Corporate Banner
Satellite Banner
Automation & Microfluidics
Scientific Community
 
Become a Member | Sign in
Home>News>This Article
  News
Return

Detecting DNA in space

Published: Tuesday, July 09, 2013
Last Updated: Tuesday, July 09, 2013
Bookmark and Share
Researchers, in a step toward analyzing Mars for signs of life, find that gene-sequencing chip can survive space radiation.

If there is life on Mars, it’s not too farfetched to believe that such Martian species may share genetic roots with life on Earth.

More than 3.5 billion years ago, a blitz of meteors ricocheted around the solar system, passing material between the two fledgling planets. This galactic game of pingpong may have left bits of Earth on Mars, and vice versa, creating a shared genetic ancestry between the two planets.

Such a theory holds great appeal for Christopher Carr, a research scientist in MIT’s Department of Earth, Atmospheric and Planetary Sciences. Working with Gary Ruvkun at Massachusetts General Hospital (MGH) and Maria Zuber, the E.A. Griswold Professor of Geophysics and MIT’s vice president for research, Carr is building a DNA sequencer that he hopes will one day be sent to Mars, where it can analyze soil and ice samples for traces of DNA and other genetic material.

Now in a step toward that goal, Carr and colleagues at MIT, Harvard University and MGH have exposed the heart of their tool — a DNA-sequencing microchip — to radiation doses similar to those that might be expected during a robotic expedition to Mars. After exposure to such radiation — including protons and heavy ions of oxygen and iron — the microchip analyzed a test strain of E. coli, successfully identifying its genetic sequence.

Carr says the group’s results show the microchip can survive up to two years in space — long enough to reach Mars and gather data there for a year and a half.

“Over time on Mars, a chip’s performance could degrade, reducing our ability to get sequence data. The chip might have a higher error rate, or could fail to function at all,” Carr says. “We did not see any of these issues [in our tests]. … Once this chip has been through two years of a Mars mission, it still will be able to sequence.”

The researchers reported their results in a paper published in the journal Astrobiology.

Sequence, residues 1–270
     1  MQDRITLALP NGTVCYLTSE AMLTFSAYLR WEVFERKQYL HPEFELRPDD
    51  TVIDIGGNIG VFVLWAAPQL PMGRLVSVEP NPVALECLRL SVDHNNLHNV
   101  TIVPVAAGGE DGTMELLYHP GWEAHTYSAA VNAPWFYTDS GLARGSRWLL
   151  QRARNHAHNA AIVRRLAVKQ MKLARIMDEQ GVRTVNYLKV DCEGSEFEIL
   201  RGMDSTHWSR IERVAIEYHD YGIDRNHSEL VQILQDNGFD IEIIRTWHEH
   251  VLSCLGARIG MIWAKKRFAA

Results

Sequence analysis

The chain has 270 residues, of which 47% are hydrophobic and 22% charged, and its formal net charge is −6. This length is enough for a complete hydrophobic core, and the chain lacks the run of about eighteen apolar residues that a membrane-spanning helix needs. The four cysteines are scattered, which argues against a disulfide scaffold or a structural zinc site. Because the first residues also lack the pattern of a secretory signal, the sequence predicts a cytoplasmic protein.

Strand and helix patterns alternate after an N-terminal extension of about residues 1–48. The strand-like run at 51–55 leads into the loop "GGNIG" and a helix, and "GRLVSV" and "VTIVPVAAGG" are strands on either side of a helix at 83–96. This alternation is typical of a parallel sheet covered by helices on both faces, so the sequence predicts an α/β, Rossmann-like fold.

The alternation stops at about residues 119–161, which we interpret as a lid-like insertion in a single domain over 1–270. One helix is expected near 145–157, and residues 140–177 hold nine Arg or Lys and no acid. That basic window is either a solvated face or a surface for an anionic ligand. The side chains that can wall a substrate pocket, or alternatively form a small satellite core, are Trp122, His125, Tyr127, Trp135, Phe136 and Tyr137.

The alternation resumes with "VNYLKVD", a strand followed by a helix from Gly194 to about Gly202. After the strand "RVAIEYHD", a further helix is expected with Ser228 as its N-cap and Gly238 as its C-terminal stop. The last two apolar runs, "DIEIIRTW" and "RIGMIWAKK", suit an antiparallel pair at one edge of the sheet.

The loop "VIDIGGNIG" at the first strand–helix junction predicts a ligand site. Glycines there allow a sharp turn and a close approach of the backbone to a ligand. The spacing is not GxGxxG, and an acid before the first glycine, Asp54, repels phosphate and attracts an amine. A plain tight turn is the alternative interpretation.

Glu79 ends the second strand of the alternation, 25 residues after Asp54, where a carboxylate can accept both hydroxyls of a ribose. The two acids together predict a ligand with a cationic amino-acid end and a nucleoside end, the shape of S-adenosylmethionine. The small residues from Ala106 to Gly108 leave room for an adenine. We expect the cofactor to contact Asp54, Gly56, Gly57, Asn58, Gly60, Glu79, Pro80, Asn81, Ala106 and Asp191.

Simulating a solar storm

Any life on Mars, past or present, would have to be extremely resilient: The planet’s atmosphere, made mostly of carbon dioxide, is 100 times thinner than Earth’s, providing very little warmth. Temperatures can plummet to minus 195 degrees Fahrenheit.

On the other hand, the deep subsurface of Mars is not much different from that of Earth, which is known to harbor microbes. Results from the Curiosity rover, currently exploring Mars, suggest that beneath the planet’s surface lies a dry and cold — but otherwise likely benign — environment, with all the major elements required for life.

To detect such subterranean life, a DNA-sequencing instrument on the surface of Mars would have to withstand temperature swings and steady exposure to space radiation. Such exposure could cause chips to report false positives, for instance, or to record extra bases in DNA sequences.

Carr and his colleagues tested the effects of Mars-like radiation on a commercially available sequencing chip. The tested chip contains 1.3 million microwells, each of which can hold a single bead containing an amplified fragment of DNA that can be used to generate a DNA sequence.

To test the chip’s resilience to radiation, the team traveled to NASA’s Space Radiation Laboratory at Brookhaven National Laboratory. Once there, the researchers, working with a total of 40 microchips, first performed electrical testing on 20 chips — a process by which a chip’s gain, voltage and wells are calibrated to verify that the parts are working properly.